By Heather Janssen

SACRAMENTO (CBS13) — Blackout Day 2020 was the latest push in the push for racial justice in America. Members of the Black community actively made an effort on Tuesday not to spend money in the economy nationwide, unless it was a Black-owned business.

Customers came from as far as Lake Plumas to support staff at Tiferet Coffee House in East Sacramento on Tuesday. It was their second day open after recouping from initial pandemic closures. For Maketa Verhane, the business was welcome.

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“Today has been overwhelming with support,” Verhane said. “I could never imagine. Someone drove 45 minutes to buy coffee from me. Wow.”

Verhane said the push made up for 80% of Tiferet’s sales on Tuesday. Jason Peret was one of the many Blackout Day customers.

“By uplifting and supporting the Black community – I’m supporting the entire community,” Peret said. “That means participating by spending your money in the businesses you’d like to see around.”

Blackout Day 2020 is not only a day where people strived to support Black-owned businesses but as a form of financial protest and business boycott. Members of the Black community actively chose to hold out from contributing to the economy with hopes of people learning the value of their dollar.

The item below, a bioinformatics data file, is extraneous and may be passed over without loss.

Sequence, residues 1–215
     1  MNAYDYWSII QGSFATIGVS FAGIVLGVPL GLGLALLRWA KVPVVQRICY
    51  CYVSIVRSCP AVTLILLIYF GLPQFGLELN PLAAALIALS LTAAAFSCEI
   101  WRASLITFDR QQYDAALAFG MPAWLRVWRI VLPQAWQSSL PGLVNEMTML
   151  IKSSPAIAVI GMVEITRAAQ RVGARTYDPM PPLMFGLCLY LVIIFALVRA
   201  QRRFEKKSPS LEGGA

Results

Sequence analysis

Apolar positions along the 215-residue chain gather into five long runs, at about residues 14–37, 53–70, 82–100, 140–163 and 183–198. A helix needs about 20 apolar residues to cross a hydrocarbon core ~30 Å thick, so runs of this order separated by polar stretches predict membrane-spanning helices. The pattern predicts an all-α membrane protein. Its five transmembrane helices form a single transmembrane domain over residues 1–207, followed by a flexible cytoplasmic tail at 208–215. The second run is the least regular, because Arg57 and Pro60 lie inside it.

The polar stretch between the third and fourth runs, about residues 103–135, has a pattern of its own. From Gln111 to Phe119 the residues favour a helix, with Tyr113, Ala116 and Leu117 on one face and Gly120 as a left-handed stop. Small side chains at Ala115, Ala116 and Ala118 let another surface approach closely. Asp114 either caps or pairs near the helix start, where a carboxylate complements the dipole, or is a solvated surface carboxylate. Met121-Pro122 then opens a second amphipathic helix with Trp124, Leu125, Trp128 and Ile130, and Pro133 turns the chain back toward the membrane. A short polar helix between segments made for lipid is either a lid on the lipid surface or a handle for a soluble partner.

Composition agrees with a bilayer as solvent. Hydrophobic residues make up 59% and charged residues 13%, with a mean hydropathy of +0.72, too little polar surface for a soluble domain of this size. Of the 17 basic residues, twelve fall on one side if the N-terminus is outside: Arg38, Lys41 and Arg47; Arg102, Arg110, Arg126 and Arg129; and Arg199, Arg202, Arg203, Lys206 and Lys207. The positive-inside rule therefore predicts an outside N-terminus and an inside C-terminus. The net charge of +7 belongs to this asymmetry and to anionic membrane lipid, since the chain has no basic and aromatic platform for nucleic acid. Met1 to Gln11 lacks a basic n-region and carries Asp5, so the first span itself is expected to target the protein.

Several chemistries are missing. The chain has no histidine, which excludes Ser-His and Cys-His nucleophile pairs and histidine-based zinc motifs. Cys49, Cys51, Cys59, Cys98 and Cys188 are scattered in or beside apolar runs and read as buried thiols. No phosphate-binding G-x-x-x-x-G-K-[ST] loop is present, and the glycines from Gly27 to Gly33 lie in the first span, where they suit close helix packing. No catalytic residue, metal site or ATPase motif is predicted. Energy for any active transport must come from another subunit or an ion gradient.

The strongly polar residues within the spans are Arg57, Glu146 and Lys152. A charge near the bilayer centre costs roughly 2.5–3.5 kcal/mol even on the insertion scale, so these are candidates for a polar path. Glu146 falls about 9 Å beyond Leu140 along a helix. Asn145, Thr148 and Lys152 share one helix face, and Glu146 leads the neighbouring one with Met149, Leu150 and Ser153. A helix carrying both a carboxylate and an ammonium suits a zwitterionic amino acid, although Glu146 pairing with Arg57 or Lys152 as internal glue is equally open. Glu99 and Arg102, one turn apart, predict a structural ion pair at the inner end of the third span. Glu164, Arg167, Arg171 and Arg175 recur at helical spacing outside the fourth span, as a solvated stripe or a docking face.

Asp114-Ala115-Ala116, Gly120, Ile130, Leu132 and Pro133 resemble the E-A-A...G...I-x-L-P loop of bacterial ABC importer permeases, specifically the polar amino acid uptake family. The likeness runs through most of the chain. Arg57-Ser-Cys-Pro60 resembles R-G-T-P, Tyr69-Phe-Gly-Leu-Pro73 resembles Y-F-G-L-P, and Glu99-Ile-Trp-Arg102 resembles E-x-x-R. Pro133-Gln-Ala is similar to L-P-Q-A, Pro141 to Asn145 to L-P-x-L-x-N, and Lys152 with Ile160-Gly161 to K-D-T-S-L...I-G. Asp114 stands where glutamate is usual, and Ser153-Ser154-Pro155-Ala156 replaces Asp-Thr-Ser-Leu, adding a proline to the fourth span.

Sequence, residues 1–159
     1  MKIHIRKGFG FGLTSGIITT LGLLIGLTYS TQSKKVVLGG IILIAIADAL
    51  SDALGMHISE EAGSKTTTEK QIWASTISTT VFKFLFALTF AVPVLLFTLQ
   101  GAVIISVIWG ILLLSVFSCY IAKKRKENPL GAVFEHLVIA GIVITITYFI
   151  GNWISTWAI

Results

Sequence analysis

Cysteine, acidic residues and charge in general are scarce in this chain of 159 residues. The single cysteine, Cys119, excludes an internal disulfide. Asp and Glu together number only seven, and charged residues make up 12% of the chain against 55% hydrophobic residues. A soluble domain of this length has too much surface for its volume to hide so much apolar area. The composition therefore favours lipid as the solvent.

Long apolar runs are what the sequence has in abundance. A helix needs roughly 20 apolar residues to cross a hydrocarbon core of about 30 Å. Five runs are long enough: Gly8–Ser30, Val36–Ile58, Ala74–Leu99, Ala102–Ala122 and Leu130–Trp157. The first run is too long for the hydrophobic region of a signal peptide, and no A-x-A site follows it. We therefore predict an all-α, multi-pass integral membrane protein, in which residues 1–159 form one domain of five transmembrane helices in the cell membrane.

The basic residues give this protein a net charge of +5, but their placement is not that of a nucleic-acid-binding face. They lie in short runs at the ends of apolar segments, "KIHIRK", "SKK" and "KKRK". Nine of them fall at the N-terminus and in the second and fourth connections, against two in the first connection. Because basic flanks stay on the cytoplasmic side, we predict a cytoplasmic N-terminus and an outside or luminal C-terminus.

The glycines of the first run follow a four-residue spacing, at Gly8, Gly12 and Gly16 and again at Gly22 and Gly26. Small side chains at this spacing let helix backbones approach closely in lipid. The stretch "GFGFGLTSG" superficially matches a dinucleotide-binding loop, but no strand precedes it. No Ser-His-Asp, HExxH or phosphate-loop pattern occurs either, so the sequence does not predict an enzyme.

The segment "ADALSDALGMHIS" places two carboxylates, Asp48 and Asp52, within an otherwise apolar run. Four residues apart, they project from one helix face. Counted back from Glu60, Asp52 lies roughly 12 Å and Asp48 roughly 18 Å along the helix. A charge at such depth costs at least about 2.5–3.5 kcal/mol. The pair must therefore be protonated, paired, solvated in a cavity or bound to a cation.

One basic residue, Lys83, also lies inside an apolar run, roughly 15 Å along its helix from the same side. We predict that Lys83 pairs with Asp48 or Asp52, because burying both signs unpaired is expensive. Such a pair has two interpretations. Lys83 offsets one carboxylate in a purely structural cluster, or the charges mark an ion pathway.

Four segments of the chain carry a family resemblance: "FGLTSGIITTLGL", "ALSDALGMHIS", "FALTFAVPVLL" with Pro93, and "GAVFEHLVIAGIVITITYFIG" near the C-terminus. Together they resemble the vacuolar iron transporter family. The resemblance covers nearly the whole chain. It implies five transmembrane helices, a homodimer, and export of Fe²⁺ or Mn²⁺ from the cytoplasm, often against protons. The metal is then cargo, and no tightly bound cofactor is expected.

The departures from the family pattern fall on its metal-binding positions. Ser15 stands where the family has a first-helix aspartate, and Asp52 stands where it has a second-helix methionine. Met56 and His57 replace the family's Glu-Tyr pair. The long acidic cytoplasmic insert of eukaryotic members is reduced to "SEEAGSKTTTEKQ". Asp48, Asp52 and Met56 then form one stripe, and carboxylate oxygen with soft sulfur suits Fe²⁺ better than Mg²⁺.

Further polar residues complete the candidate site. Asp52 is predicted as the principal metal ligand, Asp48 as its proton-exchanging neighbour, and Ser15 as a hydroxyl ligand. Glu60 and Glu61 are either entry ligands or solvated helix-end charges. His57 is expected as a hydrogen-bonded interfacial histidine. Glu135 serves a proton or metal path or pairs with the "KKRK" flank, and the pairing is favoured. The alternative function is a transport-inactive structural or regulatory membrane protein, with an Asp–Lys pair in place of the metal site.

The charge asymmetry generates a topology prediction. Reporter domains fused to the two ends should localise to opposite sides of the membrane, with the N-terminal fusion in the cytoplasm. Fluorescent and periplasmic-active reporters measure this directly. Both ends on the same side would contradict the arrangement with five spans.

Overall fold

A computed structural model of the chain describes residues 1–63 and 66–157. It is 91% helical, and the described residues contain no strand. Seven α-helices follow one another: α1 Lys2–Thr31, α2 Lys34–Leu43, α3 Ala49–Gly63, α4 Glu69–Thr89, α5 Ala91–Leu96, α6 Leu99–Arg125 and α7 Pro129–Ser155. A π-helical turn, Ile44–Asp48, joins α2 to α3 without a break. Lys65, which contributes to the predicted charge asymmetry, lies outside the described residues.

“Nobody out-consumes Black folk in this country,” Jay King, CEO and President of the California Black Chamber of Commerce said. “We are needed in this society.”

King says members of the Black community in Sacramento spend $8 billion dollars a year. Compare that to the state, where they spend nearly $100 billion. Nationwide, they spend more than a trillion dollars a year. King says that money is a driving force of the economy.

“We’re not trying to buck a system,” King said. “We’re trying to be included in it.”

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This latest push for racial justice has boded well for Black-owned businesses like Fixins Soul Kitchen in Oak Park.

“I feel like I have the support from everyone outside no matter what color you are,” Demariea Miles, a Fixins employee, said. “We get love from everybody.”

Their phones, Miles said, had been ringing nonstop with people asking for ways to contribute to the Blackout Day cause.

King says this forward momentum in the modern-day civil rights movement is one he hopes sticks around.

“One day is a good start, but it’s not good enough,” King said.

At Tiferet, Verhane believes it will stick, with more days like this one in the near future.

“It’s a culture. It’s a community,” Verhane said. “They’re making sure we stay open and they choose to spend their dollars with us. We’re more than grateful.”

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National news outlets say the Blackout Day 2020 campaign was created by activist Calvin Martyr.

Heather Janssen